Wesaw’s art celebrates the interconnection of his Tribe’s spirituality, worldview, and ceremonies by reinforcing how physical land is interwoven with the spiritual and non-tangible parts of life. His works on paper are strikingly modern, which is part of what drew me to his work as I researched potential artists for this show; Wesaw describes his work as a “minimalist re-interpretation” that “bridges traditional tribal craft and contemporary art.” Bright blocks of color, geometric shapes, and three-dimensional elements like tassels create mesmerizing visuals.

    jasonwesawart
    Artist Jason Wesaw

    In abstracting and modernizing Tribal beliefs and symbols, Wesaw celebrates the ways that his ancestor’s knowledge “will continue to change as the world around us changes...but also how the ancient traditions and ceremonies of my people remain vital in the fast-paced world we live in today.” In this way, he pictorializes the ways ancient beliefs endure and adapt throughout time.

    In conjunction with the City Gallery Show, Wesaw will be the Eiteljorg Museum’s resident artist from November 29 through December 3, where he’ll be creating a couple of pieces inspired by his time in Indianapolis, which will then be included in “Nde'bwe'twa - Place, Relationships, and Ceremony.”

    As curator, I had the pleasure of getting to see the thoughtfulness and sincerity with which Wesaw approaches his craft and the excitement he has to share his heritage with others in a beautiful way; it’s been an honor to help bring these pieces to the City Gallery.

    Along with the City Gallery, Eiteljorg Museum, and Sagamore Institute, I invite you to learn more about an integral part of Indiana’s history, culture, and people, on December 2.

    Bio: Brie Stoltzfus, on behalf of the Sagamore Institute, worked as curator to develop this Indiana Bicentennial event at the City Gallery.

    1. http://www.pokagon.com/our-culture/history




  • Quest for the West artist Doug Hyde

    by The Eiteljorg Museum of American Indians and Western Art | Oct 04, 2016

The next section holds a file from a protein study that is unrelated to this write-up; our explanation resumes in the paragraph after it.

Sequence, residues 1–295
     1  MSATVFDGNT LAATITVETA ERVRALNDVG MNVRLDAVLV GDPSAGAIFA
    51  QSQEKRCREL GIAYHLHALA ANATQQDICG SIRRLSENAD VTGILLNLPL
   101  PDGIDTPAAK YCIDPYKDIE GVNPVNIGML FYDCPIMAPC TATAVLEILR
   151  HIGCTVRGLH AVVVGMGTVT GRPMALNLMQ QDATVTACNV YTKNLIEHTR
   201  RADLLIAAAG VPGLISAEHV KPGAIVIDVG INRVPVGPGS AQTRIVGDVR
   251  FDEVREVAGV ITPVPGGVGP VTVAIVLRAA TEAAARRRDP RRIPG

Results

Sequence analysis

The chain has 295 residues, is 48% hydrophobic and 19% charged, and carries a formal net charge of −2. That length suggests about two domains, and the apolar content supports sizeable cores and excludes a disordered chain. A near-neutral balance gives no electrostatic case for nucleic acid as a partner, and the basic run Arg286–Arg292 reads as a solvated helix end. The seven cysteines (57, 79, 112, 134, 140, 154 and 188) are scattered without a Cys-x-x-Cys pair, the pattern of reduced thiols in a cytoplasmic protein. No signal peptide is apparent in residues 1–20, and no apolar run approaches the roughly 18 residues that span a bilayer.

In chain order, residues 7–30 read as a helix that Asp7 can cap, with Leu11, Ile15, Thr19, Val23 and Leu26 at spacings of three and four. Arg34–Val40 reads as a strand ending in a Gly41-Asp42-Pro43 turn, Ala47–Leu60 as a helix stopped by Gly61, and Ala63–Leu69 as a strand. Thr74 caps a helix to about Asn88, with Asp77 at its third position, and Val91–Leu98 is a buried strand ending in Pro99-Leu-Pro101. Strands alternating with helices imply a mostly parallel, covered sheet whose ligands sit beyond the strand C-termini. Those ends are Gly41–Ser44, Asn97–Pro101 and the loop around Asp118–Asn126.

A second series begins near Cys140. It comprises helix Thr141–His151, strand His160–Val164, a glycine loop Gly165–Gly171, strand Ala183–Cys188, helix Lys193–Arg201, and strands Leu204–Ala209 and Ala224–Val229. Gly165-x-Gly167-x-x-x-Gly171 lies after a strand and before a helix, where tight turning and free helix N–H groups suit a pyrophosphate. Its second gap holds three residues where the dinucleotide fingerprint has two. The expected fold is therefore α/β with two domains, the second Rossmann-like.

Hyde 2016

    Doug Hyde

    Born 1946 in Hermiston, Oregon; lives in Prescott, Arizona

    Daybreak Star
    2016, bronze, edition of 21, 24 x 12 x 10 inches

    Daybreak Star, a Nez Perce woman named for the morning star. A blessing prayer as she faces the new day dressed in her finest clothes. “Great Spirit, hear me, four quarters of the world. A relative I am. Give me strength to walk the earth softly. May I walk the good road.” This promise is repeated daily to give thanks.


    INSPIRED BY THE LORE he learned as a youth from his grandfather and other tribal elders, Doug Hyde, whose heritage includes Nez Perce, Assiniboine, and Chippewa, expresses Indian mythology and spirit through his sculpture. Hyde attended the Institute of American Indian Arts (IAIA) in the early 1960s, and then the San Francisco Art Institute on scholarship. He enlisted in the Army and was seriously injured during his second Vietnam tour. During his convalescence, he learned to use power tools to cut and shape stone.

    When he returned to Santa Fe in 1972 to teach at IAIA, he brought with him the ability to transform his ideas into three-dimensional objects. Sculpting in stone and bronze remain the passion and focus of his life. In 1998, one of his sculptures was installed at the White House. In 2008, his bronze, Little Turtle, was purchased for the permanent collection of the Smithsonian’s Cultural Resource Center. Hyde has focused most of his efforts in the past decade to help Native American tribes tell their stories with sculptures for their cultural centers. He is also sponsoring a mentor program with these tribes to work with him in his studio.